Master's Theses

Date of Award

Summer 1960

Degree Name

Master of Science (MS)

Department

Biology

Advisor

Committee Chair

Abstract

This investigation was conducted in the mixed-prairie association near Hays, Kansas. The principal purpose was to study seasonal movement, activity and species composition of small rodents in four different ecological areas. These four different habitats were: a non-grazed prairie, commonly referred to as the relict area; a moderately grazed pasture, a shelterbelt, and a streambank association. Live trapping was used in all four areas so that individuals could be captured, marked, released and recaptured to obtain the data desired. With the use of live traps the biota was only slightly disturbed and data was gathered which would have been impossible to obtain with snap-traps. Eight species of small rodents were recorded in this investigation. These were: prairie deer mouse (Peromyscus maniculatus luteus); hispid cotton rat (Sigmondon hispidus texianus); western harvest mouse (Reithro-dontomys megalotis duchei); prairie vole (Microtus ochrogaster haydeni); thirteen-lined ground squirrel (Spermophilus tridecemlineatus arenicola); white-footed mouse (Peromyscus leucopus aridulus); course-haired pocket mouse (Perognathus hispidus paradoxus); and house mouse (Mus musculus). Of these eight species seven had been previously reported from this area. The white-footed mouse was first captured in this area during this investigation. In all four ecological areas under investigation it was found that the small mammals were most abundant during the summer season. In all areas except the moderately grazed pasture there was a decrease in the populations of the small rodents during the fall and a low was reached during the winter and early spring. The populations of the moderately grazed pasture remained more or less constant, with only minor fluctuations, throughout all four season. On the shelterbelt and streambank trapping areas there was no spring increase in the abundance of the small mammals from the winter low. This was probably due to snow which remained on these two areas from the middle of January to the last of March. Snow remaining on the ground for such a length of time would possibly eradicate many individuals through exposure, and cause them to die of starvation. Considerable information was recorded in regard to seasonal activities and species composition but only meager information on seasonal movements was obtained.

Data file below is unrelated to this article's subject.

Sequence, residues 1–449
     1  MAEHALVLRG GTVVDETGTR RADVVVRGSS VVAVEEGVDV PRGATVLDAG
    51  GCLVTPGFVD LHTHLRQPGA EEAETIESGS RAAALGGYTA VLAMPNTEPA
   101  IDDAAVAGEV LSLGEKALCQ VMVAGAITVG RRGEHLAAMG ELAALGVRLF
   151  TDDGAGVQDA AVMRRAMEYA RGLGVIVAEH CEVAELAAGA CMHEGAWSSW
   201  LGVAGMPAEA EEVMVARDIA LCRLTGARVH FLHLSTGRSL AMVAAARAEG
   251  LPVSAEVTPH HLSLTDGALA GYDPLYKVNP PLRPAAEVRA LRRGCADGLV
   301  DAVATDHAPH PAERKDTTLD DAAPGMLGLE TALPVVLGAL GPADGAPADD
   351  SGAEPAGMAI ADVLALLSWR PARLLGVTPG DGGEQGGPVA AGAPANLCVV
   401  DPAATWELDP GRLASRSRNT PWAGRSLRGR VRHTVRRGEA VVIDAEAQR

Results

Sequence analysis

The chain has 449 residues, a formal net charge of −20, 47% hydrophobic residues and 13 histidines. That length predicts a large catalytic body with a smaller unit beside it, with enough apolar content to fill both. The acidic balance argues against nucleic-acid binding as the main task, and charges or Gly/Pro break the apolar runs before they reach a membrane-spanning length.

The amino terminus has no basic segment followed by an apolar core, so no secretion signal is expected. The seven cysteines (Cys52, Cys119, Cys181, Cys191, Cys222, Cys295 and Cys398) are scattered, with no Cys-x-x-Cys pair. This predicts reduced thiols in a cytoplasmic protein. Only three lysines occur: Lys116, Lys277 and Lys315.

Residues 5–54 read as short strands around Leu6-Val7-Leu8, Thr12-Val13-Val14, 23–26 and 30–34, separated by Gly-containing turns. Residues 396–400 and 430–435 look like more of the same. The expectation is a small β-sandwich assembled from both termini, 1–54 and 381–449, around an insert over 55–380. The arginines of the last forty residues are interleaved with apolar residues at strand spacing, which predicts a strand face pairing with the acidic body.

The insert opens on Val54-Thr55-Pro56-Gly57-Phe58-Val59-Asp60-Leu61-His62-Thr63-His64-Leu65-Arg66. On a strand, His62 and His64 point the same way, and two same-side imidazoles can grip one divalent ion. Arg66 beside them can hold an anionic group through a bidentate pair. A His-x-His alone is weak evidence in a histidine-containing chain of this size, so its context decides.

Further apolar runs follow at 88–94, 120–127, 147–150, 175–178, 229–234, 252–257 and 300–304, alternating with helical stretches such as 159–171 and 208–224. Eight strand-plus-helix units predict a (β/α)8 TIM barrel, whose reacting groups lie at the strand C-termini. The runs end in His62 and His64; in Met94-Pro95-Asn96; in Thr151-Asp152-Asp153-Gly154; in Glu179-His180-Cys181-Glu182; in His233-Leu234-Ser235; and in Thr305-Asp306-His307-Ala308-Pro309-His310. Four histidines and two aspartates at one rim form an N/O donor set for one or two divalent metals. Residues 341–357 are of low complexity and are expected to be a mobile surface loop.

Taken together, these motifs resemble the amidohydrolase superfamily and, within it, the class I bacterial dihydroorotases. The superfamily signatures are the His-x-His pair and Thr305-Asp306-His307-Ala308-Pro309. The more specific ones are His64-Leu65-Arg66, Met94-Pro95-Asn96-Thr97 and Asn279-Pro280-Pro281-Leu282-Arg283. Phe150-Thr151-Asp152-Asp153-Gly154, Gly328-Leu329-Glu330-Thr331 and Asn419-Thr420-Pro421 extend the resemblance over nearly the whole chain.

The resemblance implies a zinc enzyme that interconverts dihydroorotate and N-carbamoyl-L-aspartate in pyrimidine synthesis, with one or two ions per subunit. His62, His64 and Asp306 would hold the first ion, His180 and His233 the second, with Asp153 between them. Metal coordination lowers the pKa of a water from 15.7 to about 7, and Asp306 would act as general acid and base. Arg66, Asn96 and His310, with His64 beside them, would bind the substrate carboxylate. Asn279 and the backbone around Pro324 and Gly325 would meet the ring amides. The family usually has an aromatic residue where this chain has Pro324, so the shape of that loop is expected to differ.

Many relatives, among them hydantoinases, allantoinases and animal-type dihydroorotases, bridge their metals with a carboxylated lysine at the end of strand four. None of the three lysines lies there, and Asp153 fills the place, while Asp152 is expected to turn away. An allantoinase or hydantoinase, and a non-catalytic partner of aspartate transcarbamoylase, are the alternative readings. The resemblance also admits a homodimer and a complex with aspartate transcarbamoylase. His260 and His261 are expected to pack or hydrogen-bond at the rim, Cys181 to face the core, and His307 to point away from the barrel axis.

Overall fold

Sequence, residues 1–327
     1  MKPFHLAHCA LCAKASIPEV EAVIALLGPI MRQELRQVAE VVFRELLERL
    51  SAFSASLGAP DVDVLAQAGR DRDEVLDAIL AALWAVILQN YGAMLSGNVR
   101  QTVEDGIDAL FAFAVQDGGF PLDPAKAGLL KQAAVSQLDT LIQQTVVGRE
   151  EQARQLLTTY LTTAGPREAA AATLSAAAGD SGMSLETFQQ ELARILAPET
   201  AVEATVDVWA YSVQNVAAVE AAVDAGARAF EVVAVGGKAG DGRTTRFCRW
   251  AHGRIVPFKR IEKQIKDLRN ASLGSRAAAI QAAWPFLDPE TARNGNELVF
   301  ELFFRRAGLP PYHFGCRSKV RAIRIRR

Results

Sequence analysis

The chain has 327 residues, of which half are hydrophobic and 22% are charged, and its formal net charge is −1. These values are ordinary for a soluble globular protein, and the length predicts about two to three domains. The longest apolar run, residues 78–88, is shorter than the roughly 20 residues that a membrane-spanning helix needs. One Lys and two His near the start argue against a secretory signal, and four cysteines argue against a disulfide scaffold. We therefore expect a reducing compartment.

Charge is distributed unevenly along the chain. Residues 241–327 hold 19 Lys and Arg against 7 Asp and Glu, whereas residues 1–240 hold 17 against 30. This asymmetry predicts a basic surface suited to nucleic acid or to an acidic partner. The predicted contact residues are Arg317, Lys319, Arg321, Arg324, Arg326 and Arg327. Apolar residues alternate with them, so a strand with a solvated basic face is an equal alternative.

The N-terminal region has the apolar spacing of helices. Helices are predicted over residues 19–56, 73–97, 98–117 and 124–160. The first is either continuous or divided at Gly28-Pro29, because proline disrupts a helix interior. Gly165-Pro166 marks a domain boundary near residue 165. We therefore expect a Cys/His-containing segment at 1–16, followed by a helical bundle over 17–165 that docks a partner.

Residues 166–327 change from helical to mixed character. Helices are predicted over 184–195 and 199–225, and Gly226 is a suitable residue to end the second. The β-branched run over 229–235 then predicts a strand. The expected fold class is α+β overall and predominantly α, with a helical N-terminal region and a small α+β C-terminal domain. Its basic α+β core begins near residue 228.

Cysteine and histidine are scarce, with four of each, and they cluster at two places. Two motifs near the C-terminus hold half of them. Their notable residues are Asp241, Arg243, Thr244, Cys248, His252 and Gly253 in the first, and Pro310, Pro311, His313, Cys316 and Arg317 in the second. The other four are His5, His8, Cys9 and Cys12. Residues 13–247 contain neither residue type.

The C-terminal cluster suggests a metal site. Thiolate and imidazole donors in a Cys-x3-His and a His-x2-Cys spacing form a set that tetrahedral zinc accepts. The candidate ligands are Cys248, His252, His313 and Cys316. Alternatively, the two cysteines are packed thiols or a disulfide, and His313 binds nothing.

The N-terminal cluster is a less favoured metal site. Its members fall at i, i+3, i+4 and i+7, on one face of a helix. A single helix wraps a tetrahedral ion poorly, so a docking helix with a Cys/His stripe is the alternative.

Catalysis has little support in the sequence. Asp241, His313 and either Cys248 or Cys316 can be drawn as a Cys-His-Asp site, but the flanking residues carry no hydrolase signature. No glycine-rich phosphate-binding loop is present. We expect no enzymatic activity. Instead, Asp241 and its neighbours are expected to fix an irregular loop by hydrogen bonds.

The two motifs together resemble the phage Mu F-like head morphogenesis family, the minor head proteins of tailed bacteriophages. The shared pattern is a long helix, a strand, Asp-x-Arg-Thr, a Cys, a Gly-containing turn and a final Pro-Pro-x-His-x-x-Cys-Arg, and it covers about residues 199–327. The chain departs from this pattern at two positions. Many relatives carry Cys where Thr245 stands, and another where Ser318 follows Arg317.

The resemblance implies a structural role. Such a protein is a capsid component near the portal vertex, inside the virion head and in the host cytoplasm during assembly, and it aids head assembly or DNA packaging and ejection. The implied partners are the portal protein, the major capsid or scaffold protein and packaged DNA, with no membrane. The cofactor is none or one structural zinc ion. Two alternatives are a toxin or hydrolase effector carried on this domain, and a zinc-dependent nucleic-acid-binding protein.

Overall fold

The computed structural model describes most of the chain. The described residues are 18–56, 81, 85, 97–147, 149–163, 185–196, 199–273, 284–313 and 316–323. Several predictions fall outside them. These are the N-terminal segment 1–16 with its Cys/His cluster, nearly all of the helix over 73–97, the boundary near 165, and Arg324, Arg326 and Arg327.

Rights

Copyright 1960 Merrill Frydendall

Comments

Notice: This material may be protected by copyright law (Title 17 U.S. Code).

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